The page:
Friday, July 20, 2007

Silicon Knights getting Epic

This may be one of the most misleading titles I've ever given a post. No, it definitely is. Silicon Knights has filed a lawsuit against Epic games based on the fact that they were sold on an engine that just doesn't deliver. They believe that Epic withheld newer versions of software they bought in order to keep a leg up on their competition, not to professional if you ask me. The house that Dyack built goes on to accuse Epic of sabotaging the development of Too Human and has stated that it was so bad that they had to actually build their own engine. Too Human will no longer be using the Unreal 3 engine- thats progress if you ask me: I hate all this engine licensing, its like saying you've renovated your house when all you did was give it a fresh coat of paint. Developers should just build their own engines, why depends on Epic to tap the potential of these new consoles? Clearly they aren't doing a very good job at it. One company with all the power? dangerous...

Hit the jump for the Press release
via Kotaku


ST. CATHARINES, ONTARIO, CANADA, July 19th, 2007 - Video game developer Silicon Knights, Inc. has filed suit against Epic Games, Inc. for breach of contract, fraud, and several other tort claims in federal court in Greenville, North Carolina. In the lawsuit, Silicon Knights alleges that it has lost revenue as a result of the considerable delay in developing its video game for the Xbox 360, Too Human, because Unreal Engine 3, a game engine licensed from Epic, did not work as Epic represented it would and, moreover, Epic has been unable or unwilling to fix it.

As Denis Dyack, President and Founder of Silicon Knights, explained, "Our strong preference is to focus on making games, not be in court. Unfortunately though, as explained in our lawsuit, we have had extensive problems with the Unreal Engine 3 that Epic has been unwilling or unable to rectify. For more than a year, we have been trying to reach an agreement with Epic to resolve these issues without resorting to litigation, but were unable to come to reasonable terms with Epic. Regrettably, we are now forced to go to court in order to achieve satisfaction. We remain hopeful, however, that we can reach a reasonable business resolution with Epic at some point."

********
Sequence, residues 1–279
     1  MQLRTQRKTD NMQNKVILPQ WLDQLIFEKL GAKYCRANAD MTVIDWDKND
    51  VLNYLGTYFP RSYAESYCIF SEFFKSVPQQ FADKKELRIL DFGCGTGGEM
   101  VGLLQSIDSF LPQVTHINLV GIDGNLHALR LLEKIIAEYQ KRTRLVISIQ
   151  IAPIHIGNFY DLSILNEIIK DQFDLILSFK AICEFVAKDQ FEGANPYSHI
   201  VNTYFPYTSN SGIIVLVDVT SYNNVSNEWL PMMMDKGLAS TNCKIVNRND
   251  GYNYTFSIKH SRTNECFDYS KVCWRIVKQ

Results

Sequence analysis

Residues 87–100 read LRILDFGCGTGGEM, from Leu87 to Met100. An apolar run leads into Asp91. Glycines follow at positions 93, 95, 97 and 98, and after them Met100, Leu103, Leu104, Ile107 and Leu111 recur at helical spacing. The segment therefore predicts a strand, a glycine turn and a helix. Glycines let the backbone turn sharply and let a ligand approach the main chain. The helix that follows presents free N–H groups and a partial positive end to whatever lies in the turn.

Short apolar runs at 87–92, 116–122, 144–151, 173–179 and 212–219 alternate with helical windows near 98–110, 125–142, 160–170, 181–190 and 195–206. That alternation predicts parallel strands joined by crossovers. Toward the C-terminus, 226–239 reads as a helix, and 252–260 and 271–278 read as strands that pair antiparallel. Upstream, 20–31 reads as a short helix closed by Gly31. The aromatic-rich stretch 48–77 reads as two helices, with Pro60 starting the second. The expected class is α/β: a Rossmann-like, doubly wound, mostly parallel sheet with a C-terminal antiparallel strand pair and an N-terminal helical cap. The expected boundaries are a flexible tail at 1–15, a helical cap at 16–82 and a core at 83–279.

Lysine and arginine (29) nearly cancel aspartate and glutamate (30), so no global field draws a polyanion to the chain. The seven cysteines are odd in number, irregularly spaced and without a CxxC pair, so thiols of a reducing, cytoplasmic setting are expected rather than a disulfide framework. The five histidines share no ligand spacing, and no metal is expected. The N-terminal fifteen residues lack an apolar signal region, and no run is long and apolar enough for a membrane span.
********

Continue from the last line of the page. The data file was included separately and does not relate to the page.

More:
The lawsuit further alleges that Epic in fact never intended to deliver Unreal Engine 3 as a fully functional game engine as promised. Instead, Epic collected licensing fees from Silicon Knights and others in order to fund the development of its own video game, Gears of War. "No doubt Gears is a fun and phenomenally successful game, but as we alleged in our complaint against them, we strongly believe that from the perspective of someone waiting for a game engine that Epic promised it would deliver almost two years ago, it seems pretty clear that Gears was built on the backs of the Unreal Engine licensees. We certainly stand by our allegations in the lawsuit that instead of using our licensing fees to develop and support the Unreal Engine 3, Epic used that money to build Gears," said Mr. Dyack.

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